Exterior styling is chunky- with an almost Lego block look to the car.  There’s a clear family resemblance to the Jeep Patriot and discontinued Commander and Cherokee, as well as some Hummer H2 cues too.  The squared-off look works well for the Liberty and its intended purpose.  Ask any child to draw an SUV and they will come up with something that looks like the Liberty.  The only styling touch that seems questionable are the squashed-in square headlights and huge wheel flares- there’s an unfortunate touch of the untasteful Dodge Nitro there.  The round headlights on the previous Liberty looked much better and had a direct lineage to other Jeeps.  Otherwise, kudos to Jeep for not giving in to the latest trends and designing an SUV that looks more like a minivan- Ford’s Escape and Nissan’s Pathfinder come to mind.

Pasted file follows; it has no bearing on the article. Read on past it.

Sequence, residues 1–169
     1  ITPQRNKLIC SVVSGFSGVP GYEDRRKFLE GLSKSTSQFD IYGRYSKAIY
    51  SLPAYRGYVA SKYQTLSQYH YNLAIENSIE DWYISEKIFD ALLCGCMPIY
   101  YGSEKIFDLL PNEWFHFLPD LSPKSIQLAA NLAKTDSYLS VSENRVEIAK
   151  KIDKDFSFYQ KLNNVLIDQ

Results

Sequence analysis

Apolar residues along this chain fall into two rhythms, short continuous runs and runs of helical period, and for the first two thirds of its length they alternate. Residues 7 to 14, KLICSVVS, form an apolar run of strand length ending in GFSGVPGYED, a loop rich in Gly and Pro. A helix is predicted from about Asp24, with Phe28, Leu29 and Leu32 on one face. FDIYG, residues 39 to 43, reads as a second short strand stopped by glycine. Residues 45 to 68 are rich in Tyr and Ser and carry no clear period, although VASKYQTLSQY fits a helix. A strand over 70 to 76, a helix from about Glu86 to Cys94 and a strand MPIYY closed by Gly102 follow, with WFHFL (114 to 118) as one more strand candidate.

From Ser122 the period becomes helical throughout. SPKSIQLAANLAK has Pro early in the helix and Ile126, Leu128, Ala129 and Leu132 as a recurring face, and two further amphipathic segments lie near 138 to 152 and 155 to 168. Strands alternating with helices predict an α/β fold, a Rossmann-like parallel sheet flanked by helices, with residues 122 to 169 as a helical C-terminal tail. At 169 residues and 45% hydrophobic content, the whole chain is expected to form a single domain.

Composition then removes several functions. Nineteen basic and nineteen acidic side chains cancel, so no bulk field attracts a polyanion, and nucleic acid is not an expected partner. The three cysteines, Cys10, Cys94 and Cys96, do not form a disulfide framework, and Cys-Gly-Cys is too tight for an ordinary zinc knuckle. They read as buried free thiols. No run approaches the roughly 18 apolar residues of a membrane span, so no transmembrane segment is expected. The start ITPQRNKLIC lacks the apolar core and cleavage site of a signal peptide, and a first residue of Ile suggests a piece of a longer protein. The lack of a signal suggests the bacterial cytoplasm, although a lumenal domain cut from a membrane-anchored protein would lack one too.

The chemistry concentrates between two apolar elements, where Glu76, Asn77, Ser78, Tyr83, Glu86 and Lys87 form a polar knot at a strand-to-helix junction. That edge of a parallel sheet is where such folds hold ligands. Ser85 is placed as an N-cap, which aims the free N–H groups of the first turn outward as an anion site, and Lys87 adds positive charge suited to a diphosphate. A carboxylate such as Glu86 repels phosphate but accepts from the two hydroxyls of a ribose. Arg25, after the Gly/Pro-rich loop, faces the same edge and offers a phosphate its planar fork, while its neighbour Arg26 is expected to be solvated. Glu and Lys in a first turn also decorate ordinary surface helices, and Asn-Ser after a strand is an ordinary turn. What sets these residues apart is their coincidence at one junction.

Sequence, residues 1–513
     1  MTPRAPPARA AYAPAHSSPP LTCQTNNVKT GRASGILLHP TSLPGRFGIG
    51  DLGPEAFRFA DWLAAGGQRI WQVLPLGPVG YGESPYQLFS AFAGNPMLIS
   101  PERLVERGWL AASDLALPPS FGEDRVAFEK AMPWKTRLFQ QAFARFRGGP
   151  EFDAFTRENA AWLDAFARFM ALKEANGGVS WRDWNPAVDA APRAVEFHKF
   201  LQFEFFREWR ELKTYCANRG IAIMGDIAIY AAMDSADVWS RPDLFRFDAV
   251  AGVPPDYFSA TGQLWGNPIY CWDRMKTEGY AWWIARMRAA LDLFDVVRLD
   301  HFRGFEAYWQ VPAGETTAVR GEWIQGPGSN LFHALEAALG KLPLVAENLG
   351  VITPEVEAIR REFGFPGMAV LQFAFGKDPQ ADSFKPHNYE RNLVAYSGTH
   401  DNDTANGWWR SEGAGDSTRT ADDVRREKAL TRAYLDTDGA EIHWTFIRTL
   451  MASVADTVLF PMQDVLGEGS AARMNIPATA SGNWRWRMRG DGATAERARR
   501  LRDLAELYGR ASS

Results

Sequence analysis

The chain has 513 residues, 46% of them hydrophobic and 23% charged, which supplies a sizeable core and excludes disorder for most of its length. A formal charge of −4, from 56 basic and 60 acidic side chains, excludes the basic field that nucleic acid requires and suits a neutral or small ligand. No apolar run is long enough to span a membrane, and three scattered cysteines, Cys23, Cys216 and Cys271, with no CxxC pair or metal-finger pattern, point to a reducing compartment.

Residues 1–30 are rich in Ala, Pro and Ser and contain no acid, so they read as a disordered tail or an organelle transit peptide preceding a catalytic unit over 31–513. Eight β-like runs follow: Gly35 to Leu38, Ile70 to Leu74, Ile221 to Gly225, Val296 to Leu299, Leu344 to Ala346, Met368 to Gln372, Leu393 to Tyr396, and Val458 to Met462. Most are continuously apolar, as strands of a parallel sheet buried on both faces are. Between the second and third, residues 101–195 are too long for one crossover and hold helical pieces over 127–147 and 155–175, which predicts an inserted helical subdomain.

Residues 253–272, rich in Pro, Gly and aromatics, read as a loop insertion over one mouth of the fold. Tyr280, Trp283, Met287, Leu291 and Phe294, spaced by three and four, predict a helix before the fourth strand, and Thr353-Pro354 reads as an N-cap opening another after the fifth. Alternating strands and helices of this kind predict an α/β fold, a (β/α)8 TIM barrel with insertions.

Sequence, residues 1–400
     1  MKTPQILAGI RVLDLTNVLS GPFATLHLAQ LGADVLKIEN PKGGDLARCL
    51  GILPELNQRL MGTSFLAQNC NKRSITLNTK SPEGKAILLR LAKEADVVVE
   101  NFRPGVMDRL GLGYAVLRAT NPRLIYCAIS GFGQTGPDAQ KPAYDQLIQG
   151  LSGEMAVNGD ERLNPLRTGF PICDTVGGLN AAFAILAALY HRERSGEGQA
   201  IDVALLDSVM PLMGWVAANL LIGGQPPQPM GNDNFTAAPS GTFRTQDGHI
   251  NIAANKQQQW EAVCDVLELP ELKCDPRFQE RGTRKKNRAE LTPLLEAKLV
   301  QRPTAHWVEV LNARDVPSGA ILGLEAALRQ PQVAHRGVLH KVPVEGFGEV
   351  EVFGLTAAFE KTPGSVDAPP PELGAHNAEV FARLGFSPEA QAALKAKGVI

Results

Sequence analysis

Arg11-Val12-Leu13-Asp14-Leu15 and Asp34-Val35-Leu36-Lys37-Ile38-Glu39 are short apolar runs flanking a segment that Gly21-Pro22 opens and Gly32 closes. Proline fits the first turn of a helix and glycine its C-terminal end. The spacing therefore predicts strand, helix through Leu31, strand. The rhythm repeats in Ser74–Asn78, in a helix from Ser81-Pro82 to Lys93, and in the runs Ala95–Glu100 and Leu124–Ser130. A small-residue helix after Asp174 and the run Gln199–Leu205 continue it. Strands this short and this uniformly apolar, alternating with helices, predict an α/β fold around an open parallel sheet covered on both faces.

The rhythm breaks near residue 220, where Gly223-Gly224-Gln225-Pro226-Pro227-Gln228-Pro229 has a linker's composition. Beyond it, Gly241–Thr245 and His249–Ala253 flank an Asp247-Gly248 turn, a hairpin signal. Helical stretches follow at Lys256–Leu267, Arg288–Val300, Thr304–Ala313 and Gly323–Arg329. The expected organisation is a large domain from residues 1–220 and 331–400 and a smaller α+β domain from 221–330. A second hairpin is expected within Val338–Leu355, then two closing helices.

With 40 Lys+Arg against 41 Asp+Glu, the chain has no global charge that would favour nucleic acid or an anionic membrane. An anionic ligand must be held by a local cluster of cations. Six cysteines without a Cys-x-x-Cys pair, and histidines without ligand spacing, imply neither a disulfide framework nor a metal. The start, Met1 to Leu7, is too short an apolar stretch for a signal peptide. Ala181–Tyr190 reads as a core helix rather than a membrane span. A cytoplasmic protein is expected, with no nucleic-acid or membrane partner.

Our tester had exactly 20k miles on the clock and there were no rattles or squeaks.  The only defect as a loose power outlet at the bottom of the console.   The Liberty’s MSRP starts at $23,360.  Our Sport version came with the optional four wheel drive- bumping the price up to $24,975.  Not a bad price for a comfy, well-equipped 4X4 that can handle almost anything.

Choosing to own the Liberty comes down to priorities.  If you deal with unpaved roads on a regular basis and need the right vehicle to contend with it then look no further.  If you are just trying to impress those nosey neighbors- it may become a burden like that last pet was. As much as I admire the rugged nature of this beast- I have to grudgingly give it 2.5/5.0 boomerangs.